9 Ways to Have an Effective QBR
A QBR is a simple and powerful process for any company, during which past activities are reviewed to guide future planning and forecasting. The key to an effective QBR is that the executive team must conduct it with full transparency, with the intention of assessing past successes and unmet goals, in order to plan for the efficacy of future efforts.
In Every QBR,
- Establish “checks and balances”
- Build up processes to ensure existing customer revenue and growth are met
- Discuss previous goals, including successes and failures
- Plan for the next quarter, including goals to meet & key metrics
QBRs are very simple in format. Every three months, the client and account manager convene to discuss goals from the previous quarter, assess relative success, and look to the future achievements to strive towards. The goal in each QBR is to have an honest conversation with your customers that allows both parties to share what worked, and collaborate on how to improve the processes that didn’t pan out. Since most relationships, business-related or otherwise, flourish through continuous, clear, candid, and courteous communication, it’s important to have practices in place that allow both parties to focus their energies via productive methodologies, without making the interaction too formal.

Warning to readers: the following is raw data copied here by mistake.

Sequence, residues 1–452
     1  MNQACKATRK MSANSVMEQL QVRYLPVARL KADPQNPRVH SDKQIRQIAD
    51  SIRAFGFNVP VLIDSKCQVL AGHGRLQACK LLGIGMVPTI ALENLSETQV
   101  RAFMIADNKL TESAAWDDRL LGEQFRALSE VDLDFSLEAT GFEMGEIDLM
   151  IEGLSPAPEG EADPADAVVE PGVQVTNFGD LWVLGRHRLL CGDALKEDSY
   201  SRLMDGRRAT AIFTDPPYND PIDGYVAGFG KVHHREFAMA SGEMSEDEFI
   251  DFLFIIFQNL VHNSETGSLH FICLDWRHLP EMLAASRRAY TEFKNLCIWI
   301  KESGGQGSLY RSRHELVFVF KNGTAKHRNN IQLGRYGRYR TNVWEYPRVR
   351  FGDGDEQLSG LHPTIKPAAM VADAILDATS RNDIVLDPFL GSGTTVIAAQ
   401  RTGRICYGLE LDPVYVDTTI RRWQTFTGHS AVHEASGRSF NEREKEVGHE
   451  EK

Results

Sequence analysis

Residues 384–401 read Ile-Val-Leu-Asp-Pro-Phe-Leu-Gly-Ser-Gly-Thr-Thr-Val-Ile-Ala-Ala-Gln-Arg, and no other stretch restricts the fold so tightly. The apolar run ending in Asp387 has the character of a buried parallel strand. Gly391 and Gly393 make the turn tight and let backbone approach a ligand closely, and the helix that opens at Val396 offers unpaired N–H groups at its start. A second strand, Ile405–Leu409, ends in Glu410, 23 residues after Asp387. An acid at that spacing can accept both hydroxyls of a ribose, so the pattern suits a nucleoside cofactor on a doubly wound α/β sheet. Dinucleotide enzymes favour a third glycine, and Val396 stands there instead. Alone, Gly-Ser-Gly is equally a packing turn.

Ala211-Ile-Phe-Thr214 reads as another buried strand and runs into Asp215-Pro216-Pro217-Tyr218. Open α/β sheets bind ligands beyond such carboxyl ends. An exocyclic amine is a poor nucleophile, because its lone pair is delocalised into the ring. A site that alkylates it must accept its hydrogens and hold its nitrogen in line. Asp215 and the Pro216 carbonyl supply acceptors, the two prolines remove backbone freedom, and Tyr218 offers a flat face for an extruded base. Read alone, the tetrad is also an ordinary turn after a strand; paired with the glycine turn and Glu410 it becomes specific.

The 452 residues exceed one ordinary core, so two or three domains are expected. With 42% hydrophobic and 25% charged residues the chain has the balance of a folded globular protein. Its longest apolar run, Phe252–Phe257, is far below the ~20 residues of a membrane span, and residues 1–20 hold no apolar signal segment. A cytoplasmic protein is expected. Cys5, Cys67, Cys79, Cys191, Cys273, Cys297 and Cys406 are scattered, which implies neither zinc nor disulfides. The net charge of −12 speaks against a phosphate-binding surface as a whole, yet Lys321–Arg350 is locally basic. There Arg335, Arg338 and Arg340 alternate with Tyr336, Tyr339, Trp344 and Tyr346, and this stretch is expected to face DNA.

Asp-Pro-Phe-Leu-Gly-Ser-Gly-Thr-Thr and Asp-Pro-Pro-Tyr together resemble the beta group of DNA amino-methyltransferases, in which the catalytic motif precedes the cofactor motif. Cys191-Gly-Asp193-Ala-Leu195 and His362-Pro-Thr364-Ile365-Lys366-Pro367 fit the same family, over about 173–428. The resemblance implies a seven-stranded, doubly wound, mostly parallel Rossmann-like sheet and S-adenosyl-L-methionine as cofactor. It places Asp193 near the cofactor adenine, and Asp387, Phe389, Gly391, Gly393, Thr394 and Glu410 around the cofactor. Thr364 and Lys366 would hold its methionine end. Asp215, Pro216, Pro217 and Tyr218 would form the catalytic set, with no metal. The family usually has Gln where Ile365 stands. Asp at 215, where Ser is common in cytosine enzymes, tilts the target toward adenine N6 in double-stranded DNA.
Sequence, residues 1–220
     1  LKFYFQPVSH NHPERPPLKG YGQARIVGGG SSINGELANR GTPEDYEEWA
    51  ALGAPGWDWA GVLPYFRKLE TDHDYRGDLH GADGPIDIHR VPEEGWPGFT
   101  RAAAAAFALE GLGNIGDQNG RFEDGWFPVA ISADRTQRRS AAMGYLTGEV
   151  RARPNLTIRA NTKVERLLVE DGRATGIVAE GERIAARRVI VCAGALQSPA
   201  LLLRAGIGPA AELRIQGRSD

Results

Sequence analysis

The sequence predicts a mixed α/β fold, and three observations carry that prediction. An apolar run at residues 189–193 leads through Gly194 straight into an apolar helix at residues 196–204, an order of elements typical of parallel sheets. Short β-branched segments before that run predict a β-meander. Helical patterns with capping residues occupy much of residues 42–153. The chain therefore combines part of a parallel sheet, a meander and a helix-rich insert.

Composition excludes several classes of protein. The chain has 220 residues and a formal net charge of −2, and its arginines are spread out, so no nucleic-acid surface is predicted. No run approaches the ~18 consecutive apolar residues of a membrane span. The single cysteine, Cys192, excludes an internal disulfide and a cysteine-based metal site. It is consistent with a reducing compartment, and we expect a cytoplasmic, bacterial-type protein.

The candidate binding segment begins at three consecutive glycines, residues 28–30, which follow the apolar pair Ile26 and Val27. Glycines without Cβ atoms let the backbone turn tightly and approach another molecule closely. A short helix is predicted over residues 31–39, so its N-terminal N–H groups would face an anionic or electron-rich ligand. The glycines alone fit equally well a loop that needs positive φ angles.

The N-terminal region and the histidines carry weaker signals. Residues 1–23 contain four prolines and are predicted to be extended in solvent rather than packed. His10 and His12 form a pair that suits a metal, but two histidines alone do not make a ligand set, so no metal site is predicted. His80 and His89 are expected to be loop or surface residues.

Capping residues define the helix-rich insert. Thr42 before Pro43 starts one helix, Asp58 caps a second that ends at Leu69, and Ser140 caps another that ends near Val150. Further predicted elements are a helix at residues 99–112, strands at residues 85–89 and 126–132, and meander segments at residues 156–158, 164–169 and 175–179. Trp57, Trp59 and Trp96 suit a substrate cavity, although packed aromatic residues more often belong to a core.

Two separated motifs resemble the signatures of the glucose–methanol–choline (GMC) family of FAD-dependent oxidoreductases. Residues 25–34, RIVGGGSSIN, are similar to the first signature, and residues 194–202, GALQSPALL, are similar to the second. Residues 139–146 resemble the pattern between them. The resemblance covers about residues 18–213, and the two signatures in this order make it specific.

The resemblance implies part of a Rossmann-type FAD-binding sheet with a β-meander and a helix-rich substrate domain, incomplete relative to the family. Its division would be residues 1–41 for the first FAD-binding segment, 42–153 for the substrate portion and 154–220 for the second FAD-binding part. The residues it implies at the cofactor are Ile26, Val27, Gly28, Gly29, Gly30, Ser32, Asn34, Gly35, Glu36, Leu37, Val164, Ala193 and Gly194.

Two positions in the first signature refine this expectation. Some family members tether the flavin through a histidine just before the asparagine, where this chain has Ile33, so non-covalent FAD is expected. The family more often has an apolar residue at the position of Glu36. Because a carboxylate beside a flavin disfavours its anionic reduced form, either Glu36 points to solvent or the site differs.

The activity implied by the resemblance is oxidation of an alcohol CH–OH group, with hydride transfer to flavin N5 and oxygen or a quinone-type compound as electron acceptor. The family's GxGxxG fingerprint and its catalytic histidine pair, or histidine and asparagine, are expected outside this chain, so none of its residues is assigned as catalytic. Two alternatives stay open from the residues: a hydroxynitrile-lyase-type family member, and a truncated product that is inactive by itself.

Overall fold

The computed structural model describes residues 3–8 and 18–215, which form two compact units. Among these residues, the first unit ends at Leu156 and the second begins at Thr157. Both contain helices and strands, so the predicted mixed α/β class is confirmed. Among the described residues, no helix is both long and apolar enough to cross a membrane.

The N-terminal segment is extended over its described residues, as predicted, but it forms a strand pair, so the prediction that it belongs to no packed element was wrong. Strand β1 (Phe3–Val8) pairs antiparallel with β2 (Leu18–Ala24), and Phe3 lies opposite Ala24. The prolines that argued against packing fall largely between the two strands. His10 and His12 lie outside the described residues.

Therefore, preparation before a QBR is vital, and you should plan what you will say during the meeting, as well as formulate presentations that display your progress towards mutual goals. After the meeting, it’s important to follow up with the clients, and conclude any remaining issues before closing these discussions till the next session.
Structure is critical to a productive QBR. Come in with a clear timeline, plan, and presentation so you can showcase your progress. Metrics are a great way to present growth, without being too heavy for everyone to follow. If you can complement your metrics with the appropriate visuals, you can quickly demonstrate your product’s value and ROI. Touch on the aspirations that weren’t met, because it’s important to show your effort, even if they weren’t entirely successful.